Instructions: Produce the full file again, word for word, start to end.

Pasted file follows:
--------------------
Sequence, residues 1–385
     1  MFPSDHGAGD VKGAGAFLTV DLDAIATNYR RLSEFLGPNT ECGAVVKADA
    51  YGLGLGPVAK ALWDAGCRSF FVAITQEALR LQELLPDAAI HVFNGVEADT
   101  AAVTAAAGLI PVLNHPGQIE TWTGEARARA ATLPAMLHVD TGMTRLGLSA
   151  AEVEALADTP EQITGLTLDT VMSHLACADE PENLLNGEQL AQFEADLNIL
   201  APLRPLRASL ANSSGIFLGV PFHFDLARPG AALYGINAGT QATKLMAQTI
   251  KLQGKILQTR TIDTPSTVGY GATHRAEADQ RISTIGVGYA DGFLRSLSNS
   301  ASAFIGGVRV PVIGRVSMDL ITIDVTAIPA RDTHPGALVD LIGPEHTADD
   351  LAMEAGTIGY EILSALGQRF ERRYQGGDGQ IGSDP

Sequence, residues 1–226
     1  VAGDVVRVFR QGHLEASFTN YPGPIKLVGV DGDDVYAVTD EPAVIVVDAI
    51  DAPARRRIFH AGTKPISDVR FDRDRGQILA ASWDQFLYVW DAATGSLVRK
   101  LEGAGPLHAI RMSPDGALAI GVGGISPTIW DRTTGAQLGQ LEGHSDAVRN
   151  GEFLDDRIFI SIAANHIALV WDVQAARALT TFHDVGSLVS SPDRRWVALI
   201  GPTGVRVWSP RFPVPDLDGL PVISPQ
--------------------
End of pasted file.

Sequence, residues 1–385
     1  MFPSDHGAGD VKGAGAFLTV DLDAIATNYR RLSEFLGPNT ECGAVVKADA
    51  YGLGLGPVAK ALWDAGCRSF FVAITQEALR LQELLPDAAI HVFNGVEADT
   101  AAVTAAAGLI PVLNHPGQIE TWTGEARARA ATLPAMLHVD TGMTRLGLSA
   151  AEVEALADTP EQITGLTLDT VMSHLACADE PENLLNGEQL AQFEADLNIL
   201  APLRPLRASL ANSSGIFLGV PFHFDLARPG AALYGINAGT QATKLMAQTI
   251  KLQGKILQTR TIDTPSTVGY GATHRAEADQ RISTIGVGYA DGFLRSLSNS
   301  ASAFIGGVRV PVIGRVSMDL ITIDVTAIPA RDTHPGALVD LIGPEHTADD
   351  LAMEAGTIGY EILSALGQRF ERRYQGGDGQ IGSDP

Sequence, residues 1–226
     1  VAGDVVRVFR QGHLEASFTN YPGPIKLVGV DGDDVYAVTD EPAVIVVDAI
    51  DAPARRRIFH AGTKPISDVR FDRDRGQILA ASWDQFLYVW DAATGSLVRK
   101  LEGAGPLHAI RMSPDGALAI GVGGISPTIW DRTTGAQLGQ LEGHSDAVRN
   151  GEFLDDRIFI SIAANHIALV WDVQAARALT TFHDVGSLVS SPDRRWVALI
   201  GPTGVRVWSP RFPVPDLDGL PVISPQ